Stickadiboom is the second CD and Zoho debut from jazz bassist/composer Steve Haines and his quintet, who are best known for their classic New York-style hard-bop. Their music transcends generations from Art Blakey to the present. Featuring the legendary drummer Jimmy Cobb on the recording, Stickadiboom revitalizes hard-bop slang and the emotive fracas mobilized by jamband exchanges. Haines is astute at blending his bass hooks into the melodies fabric, drawing out patterns which give the limelight to David Lown’s saxophone twitters and Rob Smith’s blazing trumpet and wispy saxophone doodles. The carefree sprinkles of piano keys from Chip Crawford move the pieces with an elegant canter as drummer Thomas Taylor support the movements with malleable beats displaying a chemistry that consumes the listener entirely.
The upbeat thumping of the title track has an infectious boogaloo jazz chattering, and the bustling agility of the saxophone puffs raking over "Sutak 9-1-1" evoke thriving passions to rule the fluctuations along the segments as each musician is given a chance to indulge in a solo. The soft amorous streaks coasting along "Rendezvous" have a succor effect that was inspired by a visit to Shanghai according to the liner notes. The album maintains this softness with the weeping tooling that castles "Patience," a song which was written for the daughter of Haines' dear friend Martin. The easy stride of "Prospect Park" is fraught with festive nuances, delicate curls and a jolly gait in the piano keys that makes one imagine of frolicking through the wooded paths of a park, dancing in its open grassy fields and feeling like a voyeur of nature’s breeding ground. The bass clumps bordering the docile piano wheels strewn across "Re: Frayne" create a sparse and stress-free aria that is a tribute to saxophonist Rob Frayne, while the final track "Composition 101" is frocked in dance grooves releasing excitement in its belly as loops of lavish saxophone twirls and bopping bass beats twine together.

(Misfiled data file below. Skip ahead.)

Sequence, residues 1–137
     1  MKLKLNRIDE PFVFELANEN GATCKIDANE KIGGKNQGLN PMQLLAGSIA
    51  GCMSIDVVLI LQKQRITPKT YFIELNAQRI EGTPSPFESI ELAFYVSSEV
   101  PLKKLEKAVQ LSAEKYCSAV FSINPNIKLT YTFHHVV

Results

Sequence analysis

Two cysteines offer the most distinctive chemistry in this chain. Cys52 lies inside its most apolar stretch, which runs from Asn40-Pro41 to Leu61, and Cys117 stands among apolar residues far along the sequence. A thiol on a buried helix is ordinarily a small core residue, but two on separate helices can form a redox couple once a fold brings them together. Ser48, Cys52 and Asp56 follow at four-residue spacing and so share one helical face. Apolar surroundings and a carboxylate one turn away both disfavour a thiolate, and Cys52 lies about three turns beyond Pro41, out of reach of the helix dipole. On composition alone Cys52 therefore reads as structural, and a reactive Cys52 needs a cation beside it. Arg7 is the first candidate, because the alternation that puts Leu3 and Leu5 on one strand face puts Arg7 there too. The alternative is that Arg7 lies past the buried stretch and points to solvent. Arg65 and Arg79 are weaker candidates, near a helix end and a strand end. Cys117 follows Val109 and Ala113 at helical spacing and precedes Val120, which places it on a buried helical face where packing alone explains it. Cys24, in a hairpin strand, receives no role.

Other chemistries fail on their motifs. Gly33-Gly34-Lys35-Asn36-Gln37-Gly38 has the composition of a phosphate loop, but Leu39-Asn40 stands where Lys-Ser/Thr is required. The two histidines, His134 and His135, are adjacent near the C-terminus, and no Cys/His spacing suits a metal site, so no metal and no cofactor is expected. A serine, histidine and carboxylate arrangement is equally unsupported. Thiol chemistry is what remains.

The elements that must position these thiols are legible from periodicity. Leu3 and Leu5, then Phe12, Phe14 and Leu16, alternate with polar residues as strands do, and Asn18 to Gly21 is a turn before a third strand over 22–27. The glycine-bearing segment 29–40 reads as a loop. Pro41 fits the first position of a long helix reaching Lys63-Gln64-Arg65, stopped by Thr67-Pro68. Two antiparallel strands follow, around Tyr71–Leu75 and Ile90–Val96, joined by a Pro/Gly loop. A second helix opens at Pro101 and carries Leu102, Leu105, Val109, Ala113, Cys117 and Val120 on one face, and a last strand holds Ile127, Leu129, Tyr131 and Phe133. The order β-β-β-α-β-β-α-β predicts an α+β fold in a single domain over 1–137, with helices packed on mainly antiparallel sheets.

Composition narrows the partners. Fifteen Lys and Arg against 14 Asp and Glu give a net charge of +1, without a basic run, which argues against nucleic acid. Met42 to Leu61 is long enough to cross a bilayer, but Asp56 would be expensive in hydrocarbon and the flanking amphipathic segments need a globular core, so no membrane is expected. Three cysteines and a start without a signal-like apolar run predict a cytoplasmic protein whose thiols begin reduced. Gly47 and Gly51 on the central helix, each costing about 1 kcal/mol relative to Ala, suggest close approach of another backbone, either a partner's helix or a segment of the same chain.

Stickadiboom is loaded with modern hard-bop motifs and soothing snare drum brushing. The quintet’s chemistry is attractive and stimulates excitement to come up to the surface. The band’s agility is tempered by reclining grooves, which has the quintet moving all over the place. The Steve Haines Quintet does hard-bop justice, and preserves its authenticity while keeping the music contemporary and thriving beyond its heyday.